Religious leaders and practitioners were the targets of threats and kidnappings by guerrilla groups and former paramilitaries. The FARC, the AUC, and the ELN generally targeted religious leaders and practitioners for political or financial rather than religious reasons. These groups were responsible for the majority of such attacks and threats, killing, kidnapping, extorting, and inhibiting free religious expression. The Human Rights Unit of the Prosecutor General's Office continued to investigate the killings in past years of 14 members of the clergy believed to have been slain because they were outspoken critics of terrorist organizations.
The Presidential Program for Human Rights reported that nearly all killings of priests by terrorist groups could be attributed to leftist guerrillas, particularly the FARC. In the period since January 1, 2006, a human rights organization affiliated with the Mennonite church, Justicia, Paz y Acción Noviolenta (or Justapaz), registered 63 death threats from the FARC against members of religious communities. During the same period, Justapaz reported 47 such threats from the AUC. The same report indicated that the FARC was responsible for eight killings of religious leaders. Former paramilitaries were responsible for six such killings, and the ELN was responsible for one. In addition, the group documented 10 attempted killings, 8 of which were attributable to former paramilitaries. Justapaz recorded 103 religious community members as victims of forced displacement, 68 of which they attributed to former paramilitaries. Most of the remaining forced displacements were attributed to the FARC. The group documented the cases of six religious community members who were victims of torture, three of which they attributed to former paramilitaries.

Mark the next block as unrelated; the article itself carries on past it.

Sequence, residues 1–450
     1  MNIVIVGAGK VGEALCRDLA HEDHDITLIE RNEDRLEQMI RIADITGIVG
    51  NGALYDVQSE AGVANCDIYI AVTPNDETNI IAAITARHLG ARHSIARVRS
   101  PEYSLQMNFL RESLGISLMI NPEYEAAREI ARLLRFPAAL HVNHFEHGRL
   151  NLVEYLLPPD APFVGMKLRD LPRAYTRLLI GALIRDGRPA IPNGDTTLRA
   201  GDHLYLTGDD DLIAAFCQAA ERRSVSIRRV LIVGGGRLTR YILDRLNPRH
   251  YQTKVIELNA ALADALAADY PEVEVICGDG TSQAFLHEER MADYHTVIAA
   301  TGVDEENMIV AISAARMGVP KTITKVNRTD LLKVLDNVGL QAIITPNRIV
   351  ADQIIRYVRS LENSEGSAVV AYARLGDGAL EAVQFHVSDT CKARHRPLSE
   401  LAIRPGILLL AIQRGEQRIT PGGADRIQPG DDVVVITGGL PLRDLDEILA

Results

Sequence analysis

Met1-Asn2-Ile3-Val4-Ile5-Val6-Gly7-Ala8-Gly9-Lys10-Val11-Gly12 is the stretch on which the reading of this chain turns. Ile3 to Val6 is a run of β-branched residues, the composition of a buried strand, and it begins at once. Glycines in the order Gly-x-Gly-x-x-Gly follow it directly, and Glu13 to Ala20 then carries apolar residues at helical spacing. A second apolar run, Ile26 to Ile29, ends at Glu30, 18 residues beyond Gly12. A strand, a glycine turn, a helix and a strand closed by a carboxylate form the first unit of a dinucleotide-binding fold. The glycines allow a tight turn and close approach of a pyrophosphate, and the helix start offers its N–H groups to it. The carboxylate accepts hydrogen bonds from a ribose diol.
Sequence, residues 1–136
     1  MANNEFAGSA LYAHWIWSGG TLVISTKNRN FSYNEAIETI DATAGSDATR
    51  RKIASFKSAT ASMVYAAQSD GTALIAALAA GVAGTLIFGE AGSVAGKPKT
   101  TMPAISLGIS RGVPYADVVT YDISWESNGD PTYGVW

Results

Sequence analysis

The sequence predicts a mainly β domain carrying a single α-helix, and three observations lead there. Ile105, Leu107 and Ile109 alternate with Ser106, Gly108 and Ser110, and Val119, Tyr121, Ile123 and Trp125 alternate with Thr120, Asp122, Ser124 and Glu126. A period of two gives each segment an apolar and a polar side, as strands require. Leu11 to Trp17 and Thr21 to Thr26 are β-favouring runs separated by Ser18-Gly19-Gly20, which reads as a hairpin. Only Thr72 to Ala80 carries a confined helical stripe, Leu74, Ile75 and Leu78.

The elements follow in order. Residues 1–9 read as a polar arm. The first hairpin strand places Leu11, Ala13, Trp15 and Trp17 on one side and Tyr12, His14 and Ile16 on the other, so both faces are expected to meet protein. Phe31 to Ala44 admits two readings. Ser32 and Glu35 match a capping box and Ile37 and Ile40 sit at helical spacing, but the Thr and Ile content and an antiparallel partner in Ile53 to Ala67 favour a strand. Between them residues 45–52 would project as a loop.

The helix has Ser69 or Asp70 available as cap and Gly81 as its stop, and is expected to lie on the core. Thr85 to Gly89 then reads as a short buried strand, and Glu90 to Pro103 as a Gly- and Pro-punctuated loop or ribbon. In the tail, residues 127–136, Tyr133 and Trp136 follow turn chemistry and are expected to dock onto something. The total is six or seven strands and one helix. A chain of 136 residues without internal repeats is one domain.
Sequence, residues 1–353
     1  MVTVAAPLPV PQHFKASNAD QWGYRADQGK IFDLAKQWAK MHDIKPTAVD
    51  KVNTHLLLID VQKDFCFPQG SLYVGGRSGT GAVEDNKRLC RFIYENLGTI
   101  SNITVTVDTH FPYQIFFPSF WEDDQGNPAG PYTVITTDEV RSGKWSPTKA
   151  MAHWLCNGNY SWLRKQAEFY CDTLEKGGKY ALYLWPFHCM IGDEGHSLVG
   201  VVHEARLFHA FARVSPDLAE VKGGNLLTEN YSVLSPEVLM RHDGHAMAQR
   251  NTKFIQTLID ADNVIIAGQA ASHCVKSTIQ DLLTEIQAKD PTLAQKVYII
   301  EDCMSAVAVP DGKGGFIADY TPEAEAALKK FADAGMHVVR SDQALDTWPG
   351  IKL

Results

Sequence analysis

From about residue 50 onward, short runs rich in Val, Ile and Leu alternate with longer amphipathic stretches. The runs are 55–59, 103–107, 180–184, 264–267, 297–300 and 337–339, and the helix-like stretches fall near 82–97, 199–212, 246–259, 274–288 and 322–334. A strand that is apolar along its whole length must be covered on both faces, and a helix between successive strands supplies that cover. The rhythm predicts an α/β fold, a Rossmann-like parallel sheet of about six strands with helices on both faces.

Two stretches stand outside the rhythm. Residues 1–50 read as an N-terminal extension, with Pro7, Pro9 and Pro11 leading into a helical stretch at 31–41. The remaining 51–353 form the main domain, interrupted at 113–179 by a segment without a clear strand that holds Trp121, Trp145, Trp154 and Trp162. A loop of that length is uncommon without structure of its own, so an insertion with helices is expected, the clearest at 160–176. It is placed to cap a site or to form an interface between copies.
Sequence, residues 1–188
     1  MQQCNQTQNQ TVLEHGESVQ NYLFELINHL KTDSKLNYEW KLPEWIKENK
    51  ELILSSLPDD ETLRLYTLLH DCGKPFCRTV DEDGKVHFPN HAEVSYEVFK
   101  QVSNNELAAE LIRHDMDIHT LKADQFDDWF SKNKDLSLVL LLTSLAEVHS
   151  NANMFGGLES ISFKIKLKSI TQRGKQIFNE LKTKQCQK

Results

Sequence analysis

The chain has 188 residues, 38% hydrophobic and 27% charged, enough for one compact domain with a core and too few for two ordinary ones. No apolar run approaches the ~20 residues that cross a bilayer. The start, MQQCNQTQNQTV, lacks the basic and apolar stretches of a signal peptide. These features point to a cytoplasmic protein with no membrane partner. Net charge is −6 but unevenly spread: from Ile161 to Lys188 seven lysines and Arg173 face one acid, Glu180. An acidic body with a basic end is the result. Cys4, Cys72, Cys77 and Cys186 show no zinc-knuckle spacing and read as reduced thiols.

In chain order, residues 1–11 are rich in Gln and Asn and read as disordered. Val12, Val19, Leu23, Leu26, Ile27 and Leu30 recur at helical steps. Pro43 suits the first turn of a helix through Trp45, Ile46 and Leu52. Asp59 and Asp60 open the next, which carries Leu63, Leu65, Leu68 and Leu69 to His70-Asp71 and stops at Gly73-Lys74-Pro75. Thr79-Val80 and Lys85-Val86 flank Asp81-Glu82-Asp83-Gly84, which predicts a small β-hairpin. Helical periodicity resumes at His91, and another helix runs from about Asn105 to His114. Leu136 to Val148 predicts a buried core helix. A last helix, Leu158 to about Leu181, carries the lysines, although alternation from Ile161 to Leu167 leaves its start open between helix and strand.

Since July 1, 2004, according to the Catholic Bishops' Conference, terrorist groups have killed seven priests. Catholic and Protestant church leaders stated that killings of religious leaders in rural communities were generally underreported because of the communities' isolation and fear of retribution. Religious leaders generally chose not to seek government protection because of their pacifist beliefs and fear of retribution from terrorist groups. Justapaz and CEDECOL claimed that former paramilitaries and guerrillas equally committed violence against evangelical church leaders.